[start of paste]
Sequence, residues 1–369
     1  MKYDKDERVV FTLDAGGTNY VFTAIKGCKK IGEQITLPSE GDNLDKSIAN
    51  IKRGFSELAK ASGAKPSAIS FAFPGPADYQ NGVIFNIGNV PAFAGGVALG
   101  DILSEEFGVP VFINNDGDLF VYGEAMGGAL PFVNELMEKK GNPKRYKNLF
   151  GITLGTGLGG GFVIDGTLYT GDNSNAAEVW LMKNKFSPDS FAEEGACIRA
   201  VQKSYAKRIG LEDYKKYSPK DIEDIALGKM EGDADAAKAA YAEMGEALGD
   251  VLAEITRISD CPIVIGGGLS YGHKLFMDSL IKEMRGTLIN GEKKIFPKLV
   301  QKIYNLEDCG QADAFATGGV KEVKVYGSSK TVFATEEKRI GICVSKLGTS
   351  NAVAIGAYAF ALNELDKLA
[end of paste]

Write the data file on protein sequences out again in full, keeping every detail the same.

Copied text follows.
Sequence, residues 1–369
     1  MKYDKDERVV FTLDAGGTNY VFTAIKGCKK IGEQITLPSE GDNLDKSIAN
    51  IKRGFSELAK ASGAKPSAIS FAFPGPADYQ NGVIFNIGNV PAFAGGVALG
   101  DILSEEFGVP VFINNDGDLF VYGEAMGGAL PFVNELMEKK GNPKRYKNLF
   151  GITLGTGLGG GFVIDGTLYT GDNSNAAEVW LMKNKFSPDS FAEEGACIRA
   201  VQKSYAKRIG LEDYKKYSPK DIEDIALGKM EGDADAAKAA YAEMGEALGD
   251  VLAEITRISD CPIVIGGGLS YGHKLFMDSL IKEMRGTLIN GEKKIFPKLV
   301  QKIYNLEDCG QADAFATGGV KEVKVYGSSK TVFATEEKRI GICVSKLGTS
   351  NAVAIGAYAF ALNELDKLA